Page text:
It’s hot out. No surprises really as August is supposed to be hot, right? But man, everytime I start chugging up the local hills…the sun drilling into me, I immediately get pasty-mouth.
You know the feeling when your tongue feels almost thick and your salivary glands just don’t seem to have anything more to offer?
Yes it’s one of the least desirable feelings out there, at least for me. BUT it’s also one of the most preventable feelings, if you play your cards right.
So being August, this week we’re going to discuss a few different ways you can use ice both in training and racing to keep you performing well and you enjoying your time outside!
Ever finished a workout, showered, and then continued to sweat in your new/clean clothes? Gross. Not to overshare as that’s been know to happy to me a few times, but aside from a fresh pair of new pit stains in your work wear, your still-elevated body temp and still-inflammed ligaments and tendons won’t help your spring back out of bed the next day for the next workout.
Enter the ice bath! But before you shiver just by thinking about it, here are some great tips to do the ice bath the right way, including gradual immersion with cold tap water, starting in an empty tub, and gradually adding ice in…that is of course IF and WHEN you’re ready.
Want to dig more into ice baths? Check out this great article here.
A few August’s back, while in the middle of a big training block, I ended up doing an impromptu training camp…in Alabama. Even at early hours, the level of heat and humidity was something I just wasn’t used to seeing in my cooler coastal California climate.
In short, the few days CRUSHED me. My heart rate was jacked and elevated just while thinking about running. My regular distance runs sapped me more than normal. And my tempo and speed work? Forget about it. It felt like i had a parachute strapped to my back, even tying my shoes.
Simply put, my body was just not adapted to performing at its normal level in the heat. Trying to ignore this very obvious fact was tantamount to shoving the square peg in you know…NOT the square hole. I left feeling a dispirited and disheartened, mistakenly thinking I’d lost fitness and wouldn’t be ready for my upcoming string of races.
I made the mistake of trying to outrun basic science. Akin to training at elevation, my body would adapt, and really all by its magical self…I just had to give myself time for those adaptations to occur. Now that I know a little more, I could have facilitated that process in Alabama by training via heart rate and rate of perceived exertion (RPE), ignoring speed (and my ego), planning to drink more during and after the runs themselves, and my favorite, running with an presoaked ice cold towel on my neck.
Simply put I could continue to keep my high training standards, with smart warmups, attention to breathing and running technique, and focused quality training. By planning and expecting the heat to slow me down, I could turn a frustrating loss into a gratifying training victory.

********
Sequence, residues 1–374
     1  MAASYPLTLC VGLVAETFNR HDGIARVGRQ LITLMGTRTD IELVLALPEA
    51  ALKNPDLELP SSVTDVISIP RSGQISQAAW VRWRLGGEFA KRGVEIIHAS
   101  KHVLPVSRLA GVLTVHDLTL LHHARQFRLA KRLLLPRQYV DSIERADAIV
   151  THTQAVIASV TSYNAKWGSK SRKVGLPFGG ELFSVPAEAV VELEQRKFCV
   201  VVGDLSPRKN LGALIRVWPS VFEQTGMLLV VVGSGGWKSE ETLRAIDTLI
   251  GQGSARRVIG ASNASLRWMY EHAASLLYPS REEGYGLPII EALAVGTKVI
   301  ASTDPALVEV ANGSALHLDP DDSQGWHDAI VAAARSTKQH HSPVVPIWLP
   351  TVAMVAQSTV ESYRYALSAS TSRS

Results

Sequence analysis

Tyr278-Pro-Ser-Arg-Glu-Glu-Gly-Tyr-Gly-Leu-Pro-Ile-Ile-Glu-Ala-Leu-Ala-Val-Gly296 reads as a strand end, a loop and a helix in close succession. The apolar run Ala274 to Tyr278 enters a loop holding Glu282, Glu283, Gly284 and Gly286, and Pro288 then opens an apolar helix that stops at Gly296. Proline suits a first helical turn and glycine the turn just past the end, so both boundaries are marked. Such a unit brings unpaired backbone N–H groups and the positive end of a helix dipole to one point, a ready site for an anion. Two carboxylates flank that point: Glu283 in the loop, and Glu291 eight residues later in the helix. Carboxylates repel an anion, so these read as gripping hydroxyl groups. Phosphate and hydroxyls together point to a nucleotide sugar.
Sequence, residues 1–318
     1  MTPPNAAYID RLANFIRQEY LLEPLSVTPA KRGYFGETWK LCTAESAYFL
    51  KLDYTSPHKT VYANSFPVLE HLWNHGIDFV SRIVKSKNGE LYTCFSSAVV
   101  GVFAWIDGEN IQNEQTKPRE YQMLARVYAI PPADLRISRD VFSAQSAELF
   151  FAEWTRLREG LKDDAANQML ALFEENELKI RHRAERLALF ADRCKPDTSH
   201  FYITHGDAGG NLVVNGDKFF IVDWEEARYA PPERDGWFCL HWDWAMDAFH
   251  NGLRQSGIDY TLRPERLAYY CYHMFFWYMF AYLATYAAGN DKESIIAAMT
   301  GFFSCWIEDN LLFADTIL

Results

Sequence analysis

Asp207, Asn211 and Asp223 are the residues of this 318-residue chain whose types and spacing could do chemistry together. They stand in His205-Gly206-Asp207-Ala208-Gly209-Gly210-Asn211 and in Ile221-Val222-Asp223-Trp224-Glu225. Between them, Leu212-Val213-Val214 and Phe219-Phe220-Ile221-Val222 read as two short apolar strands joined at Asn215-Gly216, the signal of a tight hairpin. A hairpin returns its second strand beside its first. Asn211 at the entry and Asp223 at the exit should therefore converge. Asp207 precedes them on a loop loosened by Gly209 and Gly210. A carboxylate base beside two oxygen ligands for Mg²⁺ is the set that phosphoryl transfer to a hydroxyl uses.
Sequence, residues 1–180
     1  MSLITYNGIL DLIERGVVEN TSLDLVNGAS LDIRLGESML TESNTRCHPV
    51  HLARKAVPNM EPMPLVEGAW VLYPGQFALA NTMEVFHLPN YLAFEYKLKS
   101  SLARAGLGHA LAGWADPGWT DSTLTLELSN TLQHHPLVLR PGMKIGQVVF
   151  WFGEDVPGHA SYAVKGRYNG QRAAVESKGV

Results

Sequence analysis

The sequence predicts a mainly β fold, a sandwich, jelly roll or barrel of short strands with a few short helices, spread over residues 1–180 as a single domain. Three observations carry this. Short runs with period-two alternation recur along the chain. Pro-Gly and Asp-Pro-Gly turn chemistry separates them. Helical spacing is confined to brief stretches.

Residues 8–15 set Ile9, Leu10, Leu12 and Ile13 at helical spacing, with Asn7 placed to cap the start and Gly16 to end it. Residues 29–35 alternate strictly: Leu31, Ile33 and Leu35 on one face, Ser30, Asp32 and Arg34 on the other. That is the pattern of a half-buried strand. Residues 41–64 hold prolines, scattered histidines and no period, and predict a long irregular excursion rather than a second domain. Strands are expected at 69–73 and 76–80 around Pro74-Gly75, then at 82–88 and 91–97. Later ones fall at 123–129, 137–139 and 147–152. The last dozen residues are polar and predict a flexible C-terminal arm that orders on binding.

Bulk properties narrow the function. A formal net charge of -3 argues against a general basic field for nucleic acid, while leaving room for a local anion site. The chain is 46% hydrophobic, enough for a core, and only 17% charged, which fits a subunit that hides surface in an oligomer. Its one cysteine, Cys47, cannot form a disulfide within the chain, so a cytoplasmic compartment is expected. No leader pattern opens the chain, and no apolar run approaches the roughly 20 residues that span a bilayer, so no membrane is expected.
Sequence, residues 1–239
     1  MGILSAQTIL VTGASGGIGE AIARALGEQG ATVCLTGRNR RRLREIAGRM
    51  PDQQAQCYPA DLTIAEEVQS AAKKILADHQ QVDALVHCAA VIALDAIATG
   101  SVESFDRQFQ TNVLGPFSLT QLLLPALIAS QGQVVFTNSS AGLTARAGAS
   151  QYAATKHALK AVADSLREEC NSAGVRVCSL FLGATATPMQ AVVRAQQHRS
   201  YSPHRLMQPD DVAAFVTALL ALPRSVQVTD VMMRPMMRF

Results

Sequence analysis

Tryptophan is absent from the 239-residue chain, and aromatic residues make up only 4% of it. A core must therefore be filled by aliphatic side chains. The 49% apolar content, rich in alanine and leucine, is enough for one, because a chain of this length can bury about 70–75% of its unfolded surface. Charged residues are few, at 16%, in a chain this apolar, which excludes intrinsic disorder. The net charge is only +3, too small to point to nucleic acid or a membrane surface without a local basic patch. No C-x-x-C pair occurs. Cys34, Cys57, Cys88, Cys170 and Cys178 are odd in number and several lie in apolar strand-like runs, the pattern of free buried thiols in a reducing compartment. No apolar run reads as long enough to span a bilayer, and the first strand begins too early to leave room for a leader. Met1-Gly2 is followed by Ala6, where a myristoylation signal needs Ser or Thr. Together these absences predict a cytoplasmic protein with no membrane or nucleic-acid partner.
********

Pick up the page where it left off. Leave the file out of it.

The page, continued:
Read a little more here to dig into these heat training tips and see how your sweat is your body’s natural icing system.
For the longest time I was a visor guy while racing. But somewhere along the way I switched to dri-fit hats, and finally to trucker hats. Sure maybe some of it was for fashion reasons, but there was a huge nugget of function in there too. You see, the truckers hat can hold a lot of stuff in it. And during one of the Boston Marathon’s 90+ degree days and mid day starts, I remember us runners looking for any cooling advantage we could find.
So the trucker hat worked perfectly as an ice bucket. I could grab ice chips or a cold sponge and stick them…under my hat. At one station as I did my hat thing, a volunteer yelled at me to stick another sponge and even more ice into my shorts!
This ended up being THE game-saving strategy, but why exactly did it work?
Well it turns out that the body has certain touch points that are most body temp responsive. Icing my crotch was really cooling my femoral arteries which helped my circulating slightly cooler blood to the rest of my body.
Keeping a cool head is not just a phrase. It literally works by buffering the normally strong thermoregulatory response that’s in charge of slowing you down sometimes when you least want to, but for a good cause. It turns out your body doesn’t like big swings (or even minor swings) in body temperature and has some smart systems in place to keep you alive. Your thermoregulatory response being one of them. Go figure.
So while other runners’ engine’s simply overheated in the afternoon sun, I was able to somewhat happily (well it’s STILL a marathon) tick away the miles and hit my target time by more affectively regulating my body temp with my “strategically placed” ice.
So there you go. My tips to train happy, race at your best, and avoid both pit stains and pasty mouth on those hot run days.
Concerned with other areas of your performance and want to learn EVEN MORE about strong, fast, injury free (in all temperatures) running? Best check out the Run Fitness Formula!